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For some, a D-Day history lesson of a lifetime

Looking out of the window of the chartered bus, Curtis Young visualized what might have taken place beyond the thick hedgerows after the troops landed in Normandy on June 6, 1944.

Looking out of the window of the chartered bus, Curtis Young visualized what might have taken place beyond the thick hedgerows after the troops landed in Normandy on June 6, 1944. The full weight of it would hit him later, at the American military cemetery at Colleville-sur-Mer where 9,387 American war-dead are buried.

“I see soldiers, running, scared,” Young said, surveying the landscape through his historian’s eyes as a motorcycle police escort led the way for the last portion of the trip.

Our destination was the cemetery and Saturday’s commemoration of the 65th anniversary of the D-Day invasion. “They had no idea where they were in this vast countryside.”

A seat on the packed bus, organized by Democrats Abroad France, was itself the culmination of a journey that began with a security-laden process for receiving a mandatory invitation from the U.S. Embassy in Paris. A no-nonsense e-mail about the ride encouraged passengers to pack sandwiches, dried fruit, and medication and warned “there will be no stops to supermarkets,” and “there will be no stops at a pharmacy.”

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Young discussed how he might have reacted if confronted with the same staggering odds as those young men had been. He said he probably would have been cowering in a corner, given his fear and loathing of guns. “That’s why I live in Europe, I’m afraid of guns.”

“But these kids, they did it,” he said. “They did something that for me is unimaginable.”

The Paris resident grew up in Chicago, where a teacher had deemed him “educationally incorrigible,” stunting his academic development for years to come. After falling in love with France on a chance visit, he went back to college in 1998, at age 50, to learn French and earn a bachelor’s degree.  He has also completed a Master’s degree and is working on a PhD, with a focus on European history.

Once inside the cemetery overlooking Omaha Beach, Young looked out at sea, sighed heavily and said he couldn’t get over the idea of the thousands of ships that must have been coming toward the shore or the thousands of lives that ended here.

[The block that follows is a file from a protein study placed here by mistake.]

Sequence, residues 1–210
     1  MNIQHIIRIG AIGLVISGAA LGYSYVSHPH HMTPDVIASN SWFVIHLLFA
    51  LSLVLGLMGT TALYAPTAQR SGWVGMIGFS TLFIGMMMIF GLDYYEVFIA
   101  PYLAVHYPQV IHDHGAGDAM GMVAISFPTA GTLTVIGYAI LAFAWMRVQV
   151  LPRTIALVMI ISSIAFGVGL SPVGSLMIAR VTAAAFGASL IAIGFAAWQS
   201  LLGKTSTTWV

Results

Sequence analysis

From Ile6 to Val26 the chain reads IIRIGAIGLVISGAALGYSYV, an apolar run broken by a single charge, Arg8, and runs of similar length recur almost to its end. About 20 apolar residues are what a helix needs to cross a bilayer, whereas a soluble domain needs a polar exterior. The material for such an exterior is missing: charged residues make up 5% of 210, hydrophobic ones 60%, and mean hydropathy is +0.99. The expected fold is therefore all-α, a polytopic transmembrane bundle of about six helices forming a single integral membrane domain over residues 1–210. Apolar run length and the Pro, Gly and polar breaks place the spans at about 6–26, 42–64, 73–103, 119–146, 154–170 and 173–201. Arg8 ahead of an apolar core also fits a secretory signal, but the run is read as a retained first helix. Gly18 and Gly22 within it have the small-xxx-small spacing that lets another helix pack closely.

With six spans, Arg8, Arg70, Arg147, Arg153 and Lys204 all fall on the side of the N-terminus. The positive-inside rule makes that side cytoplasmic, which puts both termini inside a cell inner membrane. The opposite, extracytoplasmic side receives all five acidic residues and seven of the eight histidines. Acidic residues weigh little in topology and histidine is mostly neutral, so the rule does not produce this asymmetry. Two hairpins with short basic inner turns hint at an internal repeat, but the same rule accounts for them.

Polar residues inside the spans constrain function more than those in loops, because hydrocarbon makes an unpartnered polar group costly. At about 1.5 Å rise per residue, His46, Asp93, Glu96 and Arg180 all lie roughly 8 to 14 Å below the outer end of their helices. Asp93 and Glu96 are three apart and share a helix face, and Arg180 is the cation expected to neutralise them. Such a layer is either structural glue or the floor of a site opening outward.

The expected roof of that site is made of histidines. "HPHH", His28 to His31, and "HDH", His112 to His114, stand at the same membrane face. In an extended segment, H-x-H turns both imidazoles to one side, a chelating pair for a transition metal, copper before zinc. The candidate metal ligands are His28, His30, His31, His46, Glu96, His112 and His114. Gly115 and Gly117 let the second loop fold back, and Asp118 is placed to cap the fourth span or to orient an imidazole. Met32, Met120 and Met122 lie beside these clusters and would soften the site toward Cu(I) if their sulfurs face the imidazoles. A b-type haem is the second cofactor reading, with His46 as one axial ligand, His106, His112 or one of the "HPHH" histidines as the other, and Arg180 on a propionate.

“The water must have been red,” he said. “You would think that all of us would have learned the insanity of war, the fruitlessness of war.”

Leaders from the Allied countries attending the somber D-Day commemoration touched on themes of diplomacy, cooperation and defying the odds in their remarks, seemingly echoing Young’s sentiments. They warmly praised the veterans at the event, in which their dwindling numbers was acknowledged.

“Perhaps more than any other reason, you, the veterans of that landing, you’re why we still remember what happened on D-Day; you’re why we keep coming back,” President Barack Obama said.

Obama was joined on stage by French President Nicolas Sarkozy, politically embattled British Prime Minister Gordon Brown (who accidentally referred to “Obama Beach” in his remarks before correcting himself) and Canadian Prime Minister Stephen Harper. Prince Charles also attended but did not make a speech.

Other high-profile attendees included Tom Hanks, Bob Dole, French leaders and high level members of Obama’s team.

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Marion Fleury, 14 and Laurence Vircoulon, 15, who traveled from southwest France for the event, called the experience “once in a lifetime” and “exceptional.”

“It’s an honor and we owe them everything,” said Vircoulon, whose class has been corresponding with veterans, according to their teacher. A very emotional Christelle Zuccolotto, 38, said she was attending the event with her students, and with the help of a grant from a U.S. consulate, not only to impart history’s relevance to them but also to let the veterans know “that they are remembered not only in Normandy.”

The clouds that had been threatening all afternoon finally gave way after the ceremony and the skies opened up.  A washed out picnic didn’t seem to dampen the spirits of fatigued passengers who were now starting to come down from the high of a day that for many began at 4am.

On the ride back home, the speeches were dissected and analyzed. Who gave the better speech Sarkozy or Obama? What long lasting impact would the speeches have? Which outlets were reporting on Brown’s “Obama Beach” slip of tongue? iPhones were ready for the online search.

Young shared another highlight of his day, a chance encounter with Michelle Obama and the photograph to prove it.